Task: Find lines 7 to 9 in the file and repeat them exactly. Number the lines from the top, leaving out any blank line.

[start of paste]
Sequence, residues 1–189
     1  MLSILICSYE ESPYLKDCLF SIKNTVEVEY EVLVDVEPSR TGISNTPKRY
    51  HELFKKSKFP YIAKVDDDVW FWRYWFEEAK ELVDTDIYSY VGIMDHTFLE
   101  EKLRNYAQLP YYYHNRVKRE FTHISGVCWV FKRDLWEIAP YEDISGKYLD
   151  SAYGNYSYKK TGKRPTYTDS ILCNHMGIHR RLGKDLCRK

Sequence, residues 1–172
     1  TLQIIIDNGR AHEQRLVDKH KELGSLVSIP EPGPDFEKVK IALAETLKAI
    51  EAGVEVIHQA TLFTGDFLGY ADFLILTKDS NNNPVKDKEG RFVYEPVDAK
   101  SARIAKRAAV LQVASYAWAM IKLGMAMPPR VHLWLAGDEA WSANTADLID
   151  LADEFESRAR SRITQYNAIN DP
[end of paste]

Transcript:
     1  TLQIIIDNGR AHEQRLVDKH KELGSLVSIP EPGPDFEKVK IALAETLKAI
    51  EAGVEVIHQA TLFTGDFLGY ADFLILTKDS NNNPVKDKEG RFVYEPVDAK
   101  SARIAKRAAV LQVASYAWAM IKLGMAMPPR VHLWLAGDEA WSANTADLID